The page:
One former student summed it up all very well
Prof, your epitaph is uniquely documented through the lives of the many thousands you touched. Indeed, you did it ALL, your way.
From all of us, we say, may her soul rest in peace.
Tribute to Rosemarie Scott, delivered by Dr Paulette Stewart, Head of the Department of Library & Information Studies, The University of the West Indies, at the Service Commemorating her life, at the First Missionary Church, Kingston, on Saturday January 30, 2021
First let me say condolences on behalf of Prof. Dale Webber, Principal of The University of the West Indies, Prof. Waibinte Wariboko, the Dean of the Faculty of Humanities and Education, the entire staff of the Department of Library and Information Studies and the UWI Mona Campus
Rosemarie Scott entered The University of the West Indies, Mona in the Department of Library and Information Studies in the academic year 2005/2006 to pursue the Bachelor of Arts in Library and Information Studies. In 2010 she returned to pursue the Master of Arts in Library and Information Studies, a degree which she completed and would have graduated on January 14, 2021.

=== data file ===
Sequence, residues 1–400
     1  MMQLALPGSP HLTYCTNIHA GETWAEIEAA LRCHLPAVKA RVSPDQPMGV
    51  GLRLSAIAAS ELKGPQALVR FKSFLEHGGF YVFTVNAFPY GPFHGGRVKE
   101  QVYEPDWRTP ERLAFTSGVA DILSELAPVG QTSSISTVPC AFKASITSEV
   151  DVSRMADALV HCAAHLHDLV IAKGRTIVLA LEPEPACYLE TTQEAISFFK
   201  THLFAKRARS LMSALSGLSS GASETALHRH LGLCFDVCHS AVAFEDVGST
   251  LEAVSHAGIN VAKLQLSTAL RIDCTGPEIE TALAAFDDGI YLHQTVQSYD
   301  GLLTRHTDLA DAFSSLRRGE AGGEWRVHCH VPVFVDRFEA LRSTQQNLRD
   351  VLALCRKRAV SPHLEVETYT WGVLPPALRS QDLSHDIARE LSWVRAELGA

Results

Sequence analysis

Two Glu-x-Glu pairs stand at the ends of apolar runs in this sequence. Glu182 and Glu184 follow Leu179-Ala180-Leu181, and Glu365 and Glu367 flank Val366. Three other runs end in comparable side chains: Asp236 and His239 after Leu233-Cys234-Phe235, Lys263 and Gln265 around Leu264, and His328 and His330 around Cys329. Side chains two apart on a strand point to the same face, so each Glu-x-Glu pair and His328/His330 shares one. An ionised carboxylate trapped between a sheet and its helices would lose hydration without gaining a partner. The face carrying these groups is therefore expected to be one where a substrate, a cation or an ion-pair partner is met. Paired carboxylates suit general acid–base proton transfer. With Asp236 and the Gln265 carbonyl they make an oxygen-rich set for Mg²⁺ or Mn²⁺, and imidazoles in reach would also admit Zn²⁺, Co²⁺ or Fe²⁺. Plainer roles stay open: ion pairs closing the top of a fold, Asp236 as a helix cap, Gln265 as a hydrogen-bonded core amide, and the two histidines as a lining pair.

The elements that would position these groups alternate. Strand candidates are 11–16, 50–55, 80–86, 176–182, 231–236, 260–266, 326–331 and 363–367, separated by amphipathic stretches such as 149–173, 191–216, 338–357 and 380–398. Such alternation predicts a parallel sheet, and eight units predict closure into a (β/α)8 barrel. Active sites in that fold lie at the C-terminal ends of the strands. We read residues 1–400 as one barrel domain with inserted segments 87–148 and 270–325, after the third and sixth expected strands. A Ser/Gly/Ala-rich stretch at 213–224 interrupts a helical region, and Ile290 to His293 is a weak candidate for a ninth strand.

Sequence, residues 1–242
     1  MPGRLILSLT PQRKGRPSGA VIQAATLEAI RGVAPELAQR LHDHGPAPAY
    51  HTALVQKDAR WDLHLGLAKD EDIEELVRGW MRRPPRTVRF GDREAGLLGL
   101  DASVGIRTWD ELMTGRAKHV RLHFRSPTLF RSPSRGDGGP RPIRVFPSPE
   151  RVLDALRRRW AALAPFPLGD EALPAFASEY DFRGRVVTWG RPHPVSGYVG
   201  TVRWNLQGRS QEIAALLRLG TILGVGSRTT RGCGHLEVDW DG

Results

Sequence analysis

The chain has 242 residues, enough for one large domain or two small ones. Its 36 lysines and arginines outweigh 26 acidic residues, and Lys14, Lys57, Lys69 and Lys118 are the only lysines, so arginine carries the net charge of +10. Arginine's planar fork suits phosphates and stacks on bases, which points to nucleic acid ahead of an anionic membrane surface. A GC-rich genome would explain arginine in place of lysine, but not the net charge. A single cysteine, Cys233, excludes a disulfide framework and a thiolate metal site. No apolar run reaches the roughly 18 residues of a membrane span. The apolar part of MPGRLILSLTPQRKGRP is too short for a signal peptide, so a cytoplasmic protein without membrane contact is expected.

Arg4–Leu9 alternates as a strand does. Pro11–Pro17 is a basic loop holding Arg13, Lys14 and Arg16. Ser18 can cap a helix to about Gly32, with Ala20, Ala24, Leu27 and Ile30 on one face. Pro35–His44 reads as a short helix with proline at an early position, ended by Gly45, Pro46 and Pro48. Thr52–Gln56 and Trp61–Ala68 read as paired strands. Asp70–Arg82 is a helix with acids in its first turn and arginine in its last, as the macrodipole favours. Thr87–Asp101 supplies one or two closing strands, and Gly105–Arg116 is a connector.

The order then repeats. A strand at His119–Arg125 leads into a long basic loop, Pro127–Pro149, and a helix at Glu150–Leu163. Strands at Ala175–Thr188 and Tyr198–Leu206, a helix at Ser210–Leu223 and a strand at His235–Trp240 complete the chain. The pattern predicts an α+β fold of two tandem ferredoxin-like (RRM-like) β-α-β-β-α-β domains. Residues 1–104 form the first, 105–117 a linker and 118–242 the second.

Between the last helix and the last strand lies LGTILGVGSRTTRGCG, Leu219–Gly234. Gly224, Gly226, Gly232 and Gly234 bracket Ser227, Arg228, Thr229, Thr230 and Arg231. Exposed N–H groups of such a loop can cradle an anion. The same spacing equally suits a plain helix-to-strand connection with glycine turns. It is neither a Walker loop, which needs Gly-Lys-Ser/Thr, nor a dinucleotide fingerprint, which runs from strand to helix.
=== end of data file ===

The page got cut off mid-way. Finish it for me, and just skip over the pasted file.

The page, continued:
Going through her student file, I note the number of times she withdrew from the programme, the number of times she requested and was granted leave of absence. All these because of the struggle and fatigue she had with a long standing illness with which she had learned to live.
As lecturers, many times we thought she would quit but as she wrote in one of her request letters that she wanted to complete the degree for job enrichment and personal satisfaction.
When we heard about the death of her husband, we thought that her strong will would have waned and she would now give up, but after another leave of absence to recover from the shock and grief she returned to complete her research paper titled, “ Are You Being Served? Youth Perspective on the Role of the Modern Public Library in Jamaica”.